Jaan Einasto received the Gruber Foundation Cosmology Prize
The 2014 Gruber Foundation Cosmology Prize recognises honorary doctor of the University of Tartu, alumni of the university, astrophysicist Jaan Einasto, Kenneth Freeman, R. Brent Tully, and Sidney van den Bergh for their individual roles in the development of Near Field Cosmology — laying the foundation in our understanding of the structure and composition of the nearby Universe.
The Cosmology Prize honours a leading cosmologist, astronomer, astrophysicist or scientific philosopher for theoretical, analytical, conceptual or observational discoveries leading to fundamental advances in our understanding of the Universe. This year’s prize will be presented to Einasto, Freeman, Tully, and van den Bergh in a ceremony at Yale University on 1 October, 2014.
"Their decades-long observations and analyses of relatively local galaxies have allowed cosmologists — including themselves — to investigate the evolution of the Universe on the largest scales," said Wendy Freedman, Chair of the Selection Advisory Board to the Prize.
Their award-winning work on the nearby Universe quietly emerged during a period when cutting-edge cosmology was focused instead on the farthest reaches of the Universe. As recently as the 1920s, astronomers were unsure whether anything existed beyond the realm of stars we call the Milky Way galaxy, but then came two key discoveries.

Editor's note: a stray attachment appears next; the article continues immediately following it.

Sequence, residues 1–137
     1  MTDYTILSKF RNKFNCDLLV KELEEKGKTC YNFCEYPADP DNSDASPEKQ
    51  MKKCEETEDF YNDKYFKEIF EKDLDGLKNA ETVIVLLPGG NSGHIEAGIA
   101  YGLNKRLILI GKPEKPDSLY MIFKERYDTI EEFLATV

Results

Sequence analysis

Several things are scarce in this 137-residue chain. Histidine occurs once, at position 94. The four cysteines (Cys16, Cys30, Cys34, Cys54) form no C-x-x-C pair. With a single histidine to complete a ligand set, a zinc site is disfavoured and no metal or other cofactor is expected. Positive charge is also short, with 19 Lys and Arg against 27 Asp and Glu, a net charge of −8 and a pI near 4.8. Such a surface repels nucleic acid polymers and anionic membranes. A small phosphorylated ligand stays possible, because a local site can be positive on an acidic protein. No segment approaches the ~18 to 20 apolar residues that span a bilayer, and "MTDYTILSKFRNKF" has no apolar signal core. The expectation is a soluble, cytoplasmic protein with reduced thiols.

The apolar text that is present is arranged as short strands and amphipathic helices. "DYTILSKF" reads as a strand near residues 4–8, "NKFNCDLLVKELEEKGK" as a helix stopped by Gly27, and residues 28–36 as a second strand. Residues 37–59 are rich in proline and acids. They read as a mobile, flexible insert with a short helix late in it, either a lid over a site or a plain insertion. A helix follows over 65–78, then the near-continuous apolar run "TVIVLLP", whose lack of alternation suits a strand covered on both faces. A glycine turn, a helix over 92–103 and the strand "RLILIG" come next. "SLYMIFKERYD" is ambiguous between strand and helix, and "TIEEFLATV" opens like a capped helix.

The first, by Ernst Öpik (1922) and Edwin Hubble (1925), is that other galaxies do indeed exist — and today we know they number well over 100 billion. The second, by Hubble (1929), is that those galaxies are, on the whole, moving away from one another — according to general relativity, carried along by the expansion of space itself. Because light from an object takes time to reach us, astronomers realised they might be able to trace the evolution of the Universe by looking into the distant past — by examining the infant Universe and, epoch by epoch, working their way forward.
This year’s Gruber recipients, however, stayed closer to home — and the present. Their work has allowed cosmologists to examine the mature Universe and work their way backwards. Operating independently of one another, the four astronomers studied our Milky Way galaxy, the galaxies in the Local Group, and other nearby objects, devising strategies and making discoveries that have led to two fundamental changes in our interpretation of the Universe:
- On the largest scales, the Universe resembles a web of neurons — vast filaments of galaxies and superclusters of galaxies separated by even vaster voids.
- This structure would not be possible if the Universe didn’t have an invisible gravitational component — what we now call dark matter.
The work begun by Einasto, Freeman, Tully, and van den Bergh is sometimes called Near Field Cosmology, a seemingly paradoxical name that nonetheless encapsulates their collective vision: To study the Universe on the largest scale, think small.